Did you know that a child’s skull is only 1cm thick? That’s less than the width of your average pen, which really puts into perspective how fragile a child’s head is. A child’s skull can be easily fractured by an impact sustained at low speeds of seven to 10 kilometers an hour. Kids on bicycles usually reach these speeds and greater, which is why wearing a helmet is so vital.
Here are a couple more quick facts:
- According to Transport Canada, in 2007 alone, more than 1,000 children under the age of 15 were injured while riding their bikes.
- Traumatic brain injuries account for eight per cent of emergency room visits by cyclists, four per cent of visits by skateboarders and in-line skaters and six per cent of emergency room visits for injuries related to scooter riding in children under 19, according to the Public Health Agency of Canada.
- Wearing a helmet can reduce the risk of head injury by 85 per cent.
Wearing a helmet is the most important line of defense against the leading cause of serious injury and death to kids on wheels. Safe Kids Canada has come up with the following five tips to help parents protect their child’s head this summer:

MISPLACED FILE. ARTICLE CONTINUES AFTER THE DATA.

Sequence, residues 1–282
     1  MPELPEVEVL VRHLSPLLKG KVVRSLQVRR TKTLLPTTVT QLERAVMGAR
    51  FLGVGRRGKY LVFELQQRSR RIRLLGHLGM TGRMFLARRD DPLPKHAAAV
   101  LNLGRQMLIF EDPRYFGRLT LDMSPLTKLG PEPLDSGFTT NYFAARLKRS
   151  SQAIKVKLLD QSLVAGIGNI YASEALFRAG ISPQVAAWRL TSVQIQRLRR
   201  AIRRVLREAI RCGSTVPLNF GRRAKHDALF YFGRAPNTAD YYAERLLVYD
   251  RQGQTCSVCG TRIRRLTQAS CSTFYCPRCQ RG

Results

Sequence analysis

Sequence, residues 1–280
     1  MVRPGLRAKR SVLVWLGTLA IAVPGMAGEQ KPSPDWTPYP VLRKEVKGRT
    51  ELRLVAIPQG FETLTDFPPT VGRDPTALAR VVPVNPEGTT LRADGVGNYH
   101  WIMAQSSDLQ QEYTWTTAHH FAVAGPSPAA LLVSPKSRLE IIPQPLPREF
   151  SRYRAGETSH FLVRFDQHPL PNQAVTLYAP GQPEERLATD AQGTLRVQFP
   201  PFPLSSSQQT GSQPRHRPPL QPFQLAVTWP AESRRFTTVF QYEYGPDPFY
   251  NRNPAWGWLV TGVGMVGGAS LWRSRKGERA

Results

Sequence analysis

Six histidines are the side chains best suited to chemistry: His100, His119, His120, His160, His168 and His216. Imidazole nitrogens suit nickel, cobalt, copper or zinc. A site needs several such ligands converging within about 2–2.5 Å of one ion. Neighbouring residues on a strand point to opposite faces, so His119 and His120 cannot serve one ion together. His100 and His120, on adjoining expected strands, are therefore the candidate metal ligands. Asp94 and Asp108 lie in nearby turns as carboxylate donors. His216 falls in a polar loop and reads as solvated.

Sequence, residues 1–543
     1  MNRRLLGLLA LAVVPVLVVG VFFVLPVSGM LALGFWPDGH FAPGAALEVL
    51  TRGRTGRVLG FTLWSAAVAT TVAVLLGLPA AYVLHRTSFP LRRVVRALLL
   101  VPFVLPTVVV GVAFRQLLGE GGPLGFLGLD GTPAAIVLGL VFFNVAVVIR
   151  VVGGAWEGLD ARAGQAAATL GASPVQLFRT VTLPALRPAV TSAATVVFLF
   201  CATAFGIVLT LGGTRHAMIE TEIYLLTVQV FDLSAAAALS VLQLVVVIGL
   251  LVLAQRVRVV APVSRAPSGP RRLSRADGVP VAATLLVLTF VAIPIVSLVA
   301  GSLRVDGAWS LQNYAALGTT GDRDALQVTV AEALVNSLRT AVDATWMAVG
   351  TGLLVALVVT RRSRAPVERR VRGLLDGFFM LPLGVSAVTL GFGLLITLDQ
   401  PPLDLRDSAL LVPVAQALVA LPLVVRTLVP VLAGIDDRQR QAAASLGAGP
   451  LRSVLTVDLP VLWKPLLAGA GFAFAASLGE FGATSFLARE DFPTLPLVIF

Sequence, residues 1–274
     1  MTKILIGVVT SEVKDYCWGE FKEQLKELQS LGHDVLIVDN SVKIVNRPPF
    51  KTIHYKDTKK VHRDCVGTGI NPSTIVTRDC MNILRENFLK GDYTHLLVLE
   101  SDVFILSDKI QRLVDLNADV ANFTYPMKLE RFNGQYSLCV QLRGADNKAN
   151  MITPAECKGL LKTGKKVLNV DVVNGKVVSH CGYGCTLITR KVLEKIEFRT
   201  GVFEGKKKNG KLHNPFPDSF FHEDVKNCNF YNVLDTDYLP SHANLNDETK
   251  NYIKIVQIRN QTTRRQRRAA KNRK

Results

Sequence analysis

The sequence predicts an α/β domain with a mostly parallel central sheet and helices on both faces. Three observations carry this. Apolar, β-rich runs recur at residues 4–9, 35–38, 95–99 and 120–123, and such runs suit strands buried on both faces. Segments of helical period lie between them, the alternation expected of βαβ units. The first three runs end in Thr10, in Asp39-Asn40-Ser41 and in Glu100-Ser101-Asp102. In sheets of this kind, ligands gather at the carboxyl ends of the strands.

- Ensure your children wear a helmet every time they ride.
- Get the right kind of helmet. Choose a bicycle helmet for cycling, in-line skating and scootering. Skateboarders need a special skateboarding helmet that covers more of the back of their head.
- Ensure the helmet fits your child. The helmet should rest two finger widths above the eyebrow. The side and chin straps should be snug.
- People of all ages should wear a helmet when they ride. Remember: You are your child’s best role model.
- Children under 10 should not ride on the road. They do not have the physical and thinking skills to handle themselves safely in traffic. Children over 10 need to practice before they can ride on the road.
For more information, parents can go to www.safekidscanada.ca and download then free Got Wheels? Get a Helmet! brochure (pdf) on helmet safety.